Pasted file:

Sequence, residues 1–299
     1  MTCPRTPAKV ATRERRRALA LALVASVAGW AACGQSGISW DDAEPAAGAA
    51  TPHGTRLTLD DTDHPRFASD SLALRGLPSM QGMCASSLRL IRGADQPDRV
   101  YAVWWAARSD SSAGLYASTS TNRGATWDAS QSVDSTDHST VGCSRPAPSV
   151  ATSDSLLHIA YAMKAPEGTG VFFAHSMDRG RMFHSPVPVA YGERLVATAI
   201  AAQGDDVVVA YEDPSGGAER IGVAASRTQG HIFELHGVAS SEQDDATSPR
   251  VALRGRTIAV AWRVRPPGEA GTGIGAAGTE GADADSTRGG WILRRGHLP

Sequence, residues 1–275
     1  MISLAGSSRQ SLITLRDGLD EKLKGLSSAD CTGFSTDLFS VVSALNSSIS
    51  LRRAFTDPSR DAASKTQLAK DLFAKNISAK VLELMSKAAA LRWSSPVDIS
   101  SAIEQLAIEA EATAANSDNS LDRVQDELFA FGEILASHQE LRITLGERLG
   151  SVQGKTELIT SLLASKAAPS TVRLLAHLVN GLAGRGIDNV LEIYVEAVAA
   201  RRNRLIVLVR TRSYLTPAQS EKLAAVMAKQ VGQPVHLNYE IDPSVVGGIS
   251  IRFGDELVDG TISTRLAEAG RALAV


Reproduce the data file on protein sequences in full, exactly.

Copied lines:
Sequence, residues 1–299
     1  MTCPRTPAKV ATRERRRALA LALVASVAGW AACGQSGISW DDAEPAAGAA
    51  TPHGTRLTLD DTDHPRFASD SLALRGLPSM QGMCASSLRL IRGADQPDRV
   101  YAVWWAARSD SSAGLYASTS TNRGATWDAS QSVDSTDHST VGCSRPAPSV
   151  ATSDSLLHIA YAMKAPEGTG VFFAHSMDRG RMFHSPVPVA YGERLVATAI
   201  AAQGDDVVVA YEDPSGGAER IGVAASRTQG HIFELHGVAS SEQDDATSPR
   251  VALRGRTIAV AWRVRPPGEA GTGIGAAGTE GADADSTRGG WILRRGHLP

Sequence, residues 1–275
     1  MISLAGSSRQ SLITLRDGLD EKLKGLSSAD CTGFSTDLFS VVSALNSSIS
    51  LRRAFTDPSR DAASKTQLAK DLFAKNISAK VLELMSKAAA LRWSSPVDIS
   101  SAIEQLAIEA EATAANSDNS LDRVQDELFA FGEILASHQE LRITLGERLG
   151  SVQGKTELIT SLLASKAAPS TVRLLAHLVN GLAGRGIDNV LEIYVEAVAA
   201  RRNRLIVLVR TRSYLTPAQS EKLAAVMAKQ VGQPVHLNYE IDPSVVGGIS
   251  IRFGDELVDG TISTRLAEAG RALAV